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Alternatives To AARP: The American Seniors Association (ASA)

By KellyRose McAleer - September 24, 2014

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Although the American Association of Retired Persons boasts over 37 million members, it is not necessarily the go-to advocacy group for American seniors. Because people aged 50+ are so diverse in terms of opinions, backgrounds, and political leanings, a number of new organizations have sprung up to fill in the gaps. One such group, the American Seniors Association, became the group former AARP members turned to in 2009.

The Original Advocate: AARP

The American Association of Retired Persons (AARP) is America’s longest-standing senior advocacy group. Founded in 1958, and like the National Retired Teachers Association from which it sprung, the nonprofit AARP also aims to promote health insurance for its members, in this case retired persons. The organization’s motto is “To serve, not be served.” As such an established group, its website offers everything from tax aid to Medicare Q&A, to discounts at stores like Toys R Us, Best Buy, Bed Bath & Beyond, etc. AARP offers not only health insurance, but car insurance and homeowners insurance as well. They also offer resources for finding care providers if you are considering one, and has offices in every state so you can get involved with your local chapter.

But the advocacy group’s recent drop in members has shown that not all of America’s seniors feel the group represents their best interests. It has also been criticized for backing policies that some argue seem to benefit seniors but would wreak havoc on the country, such as the privatization of social security. And in 2009 when AARP supported proposed health care reforms it lost between 50,000 and 60,000 members. Many of those members switched over to the American Seniors Association (ASA).

The Conservative Option: ASA

The ASA does not have the long history of the AARP, nor the same political ideals. According to its site, the AARP represents its members by focusing on issues that are applicable to all seniors, including economic security, health care, etc. The AARP also claims nonpartisan status, although it has been criticized for having left-wing leanings. The ASA seems eager to become the conservative alternative, using its website to call itself “the new choice and the new voice for America’s seniors” with “an emerging conservative voice on the national issues that impact seniors”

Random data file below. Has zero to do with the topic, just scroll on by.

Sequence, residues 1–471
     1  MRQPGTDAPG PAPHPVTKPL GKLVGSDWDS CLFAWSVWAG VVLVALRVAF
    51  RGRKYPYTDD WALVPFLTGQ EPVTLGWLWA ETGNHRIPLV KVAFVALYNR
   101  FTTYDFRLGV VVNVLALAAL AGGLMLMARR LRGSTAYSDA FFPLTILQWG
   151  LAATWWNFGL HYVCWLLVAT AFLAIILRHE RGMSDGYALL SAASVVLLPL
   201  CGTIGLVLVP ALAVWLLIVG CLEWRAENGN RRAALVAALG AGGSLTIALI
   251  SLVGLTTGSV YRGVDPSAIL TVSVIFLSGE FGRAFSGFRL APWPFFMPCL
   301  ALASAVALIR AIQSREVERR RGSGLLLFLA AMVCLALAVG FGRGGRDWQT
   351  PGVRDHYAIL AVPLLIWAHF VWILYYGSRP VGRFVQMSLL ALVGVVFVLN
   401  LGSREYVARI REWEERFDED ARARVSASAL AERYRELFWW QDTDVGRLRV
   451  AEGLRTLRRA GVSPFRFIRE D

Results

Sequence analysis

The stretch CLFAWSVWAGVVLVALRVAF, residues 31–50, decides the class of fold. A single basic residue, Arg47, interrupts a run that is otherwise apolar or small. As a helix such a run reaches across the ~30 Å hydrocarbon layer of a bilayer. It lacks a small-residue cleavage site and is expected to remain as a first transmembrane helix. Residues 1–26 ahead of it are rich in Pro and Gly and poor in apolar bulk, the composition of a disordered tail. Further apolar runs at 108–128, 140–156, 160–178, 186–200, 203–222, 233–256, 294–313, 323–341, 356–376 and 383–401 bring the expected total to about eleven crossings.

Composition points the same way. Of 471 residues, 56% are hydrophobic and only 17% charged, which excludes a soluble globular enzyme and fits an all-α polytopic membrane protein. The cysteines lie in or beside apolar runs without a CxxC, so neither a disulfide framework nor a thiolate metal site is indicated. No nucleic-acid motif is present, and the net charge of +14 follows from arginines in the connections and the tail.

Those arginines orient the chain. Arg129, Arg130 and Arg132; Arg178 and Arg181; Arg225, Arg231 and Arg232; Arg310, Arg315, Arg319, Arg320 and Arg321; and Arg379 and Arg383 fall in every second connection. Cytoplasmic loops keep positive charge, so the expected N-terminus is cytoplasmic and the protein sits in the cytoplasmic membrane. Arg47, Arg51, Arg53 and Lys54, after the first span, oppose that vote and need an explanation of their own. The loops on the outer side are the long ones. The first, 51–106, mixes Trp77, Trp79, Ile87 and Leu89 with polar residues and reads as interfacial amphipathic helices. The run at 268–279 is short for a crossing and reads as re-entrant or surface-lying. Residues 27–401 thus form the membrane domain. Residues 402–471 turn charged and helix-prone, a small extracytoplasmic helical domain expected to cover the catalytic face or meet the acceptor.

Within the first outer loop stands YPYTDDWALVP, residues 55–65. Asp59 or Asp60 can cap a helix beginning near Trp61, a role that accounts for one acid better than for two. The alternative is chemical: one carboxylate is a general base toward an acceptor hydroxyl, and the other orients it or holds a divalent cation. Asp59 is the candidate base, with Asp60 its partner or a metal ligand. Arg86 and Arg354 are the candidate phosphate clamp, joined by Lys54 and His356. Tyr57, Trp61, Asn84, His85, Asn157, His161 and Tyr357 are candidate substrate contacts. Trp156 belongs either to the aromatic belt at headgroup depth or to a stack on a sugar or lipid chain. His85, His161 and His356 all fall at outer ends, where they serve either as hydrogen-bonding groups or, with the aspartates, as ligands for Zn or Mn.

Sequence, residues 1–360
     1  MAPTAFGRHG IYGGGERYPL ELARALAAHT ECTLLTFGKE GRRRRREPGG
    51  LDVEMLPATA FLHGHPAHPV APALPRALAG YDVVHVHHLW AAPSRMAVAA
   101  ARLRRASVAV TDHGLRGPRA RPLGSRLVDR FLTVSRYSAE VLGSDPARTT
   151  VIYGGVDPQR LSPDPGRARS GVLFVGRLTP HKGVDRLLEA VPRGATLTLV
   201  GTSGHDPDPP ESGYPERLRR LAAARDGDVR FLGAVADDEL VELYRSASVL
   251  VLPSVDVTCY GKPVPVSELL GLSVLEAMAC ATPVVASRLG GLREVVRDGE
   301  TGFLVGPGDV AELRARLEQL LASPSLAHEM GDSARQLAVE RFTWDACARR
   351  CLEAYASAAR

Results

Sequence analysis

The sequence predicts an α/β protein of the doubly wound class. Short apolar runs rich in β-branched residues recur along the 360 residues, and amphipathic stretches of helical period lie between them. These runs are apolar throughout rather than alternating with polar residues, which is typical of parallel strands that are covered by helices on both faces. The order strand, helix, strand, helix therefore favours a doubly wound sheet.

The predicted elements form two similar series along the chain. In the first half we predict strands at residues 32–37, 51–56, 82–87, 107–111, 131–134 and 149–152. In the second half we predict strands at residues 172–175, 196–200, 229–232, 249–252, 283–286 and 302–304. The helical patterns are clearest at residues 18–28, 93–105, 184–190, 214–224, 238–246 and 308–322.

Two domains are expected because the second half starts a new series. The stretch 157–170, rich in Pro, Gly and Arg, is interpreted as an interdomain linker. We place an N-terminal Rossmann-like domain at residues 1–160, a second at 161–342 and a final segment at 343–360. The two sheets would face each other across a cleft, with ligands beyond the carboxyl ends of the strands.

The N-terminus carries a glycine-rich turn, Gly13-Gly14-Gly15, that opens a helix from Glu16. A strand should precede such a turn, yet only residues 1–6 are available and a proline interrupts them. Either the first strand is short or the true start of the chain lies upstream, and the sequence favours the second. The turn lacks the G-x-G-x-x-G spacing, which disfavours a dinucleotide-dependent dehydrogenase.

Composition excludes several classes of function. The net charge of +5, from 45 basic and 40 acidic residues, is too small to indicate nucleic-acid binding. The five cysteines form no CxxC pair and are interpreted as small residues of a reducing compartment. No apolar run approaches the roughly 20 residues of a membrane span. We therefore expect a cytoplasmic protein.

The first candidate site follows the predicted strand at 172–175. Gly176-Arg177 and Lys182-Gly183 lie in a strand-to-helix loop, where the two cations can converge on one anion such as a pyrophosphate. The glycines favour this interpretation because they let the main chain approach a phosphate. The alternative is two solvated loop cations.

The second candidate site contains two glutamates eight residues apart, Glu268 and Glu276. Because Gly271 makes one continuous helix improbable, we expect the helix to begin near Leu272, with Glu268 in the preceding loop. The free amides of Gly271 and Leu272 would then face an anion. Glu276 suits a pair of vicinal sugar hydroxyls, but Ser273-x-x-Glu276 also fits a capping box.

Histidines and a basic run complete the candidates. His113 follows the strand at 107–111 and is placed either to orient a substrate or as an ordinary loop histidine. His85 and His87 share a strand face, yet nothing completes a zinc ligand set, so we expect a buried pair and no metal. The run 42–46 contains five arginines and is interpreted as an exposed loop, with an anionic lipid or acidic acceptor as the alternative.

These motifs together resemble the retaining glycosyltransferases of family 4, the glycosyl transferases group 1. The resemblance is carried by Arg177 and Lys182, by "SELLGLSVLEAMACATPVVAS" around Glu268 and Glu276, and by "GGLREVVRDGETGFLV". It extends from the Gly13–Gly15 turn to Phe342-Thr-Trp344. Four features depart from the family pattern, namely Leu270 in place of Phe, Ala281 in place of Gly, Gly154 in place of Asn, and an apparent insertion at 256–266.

The ASA was founded in 2009 “to protest the Obama administration’s proposals for expanded public funding healthcare.” Its website also lists five foundations: Rebuild national values, Reform Social Security, Reform Medicare, Reform the Tax Code, and Control government overspending. The ASA allows membership from Americans who are not senior citizens. Like the AARP is it funded through insurance, but the American Seniors Association still seems to be coming into itself.

The American Seniors Association offers personalized coverage and savings with Liberty Mutual Home and Health Insurance. They also offer member rates for dental coverage, hospital indemnity plans, final expense policies, rental car and travel insurance, and even pet insurance through Healthy Paws. Their website also has a helpful VA Benefit & Attendance Self-Help Guide so that veterans’ families can apply for their benefits. While the ASA has does not offer extras like games and dating profiles on its website, it will help you pay and save on the healthcare items you really need, like diabetes supplies.

What Each Organization Can Offer

Both the AARP and the ASA are non-governmental organizations who advocate for American seniors aged 50 and up, and claim to give the member a voice in Washington. Membership fees are nearly the same, at $15/year for the ASA which includes your spouse and $16/year for the AARP which includes your spouse/partner. However, only donations to the AARP are tax-deductible.

The ASA website is less developed than its counterpart’s, which offers everything from job hunting tools to research on topics that affect senior citizens. The ASA is still gaining experience, and the website states its belief that “America’s seniors should always be free to pursue a full, healthy, wealthy life” but does not state how it will go about making that happen. However, since the ASA is a newer branch with less members, your individual voice may have a better chance of being heard than with the AARP where you would be one of 37 million voices. The right pick for you may depend on your politics, and how involved you want to be with the organization. The American Association of Retired Persons has a lot of extra benefits, but if you don’t see yourself utilizing all of the bells and whistles, the American Seniors Association may be a better fit.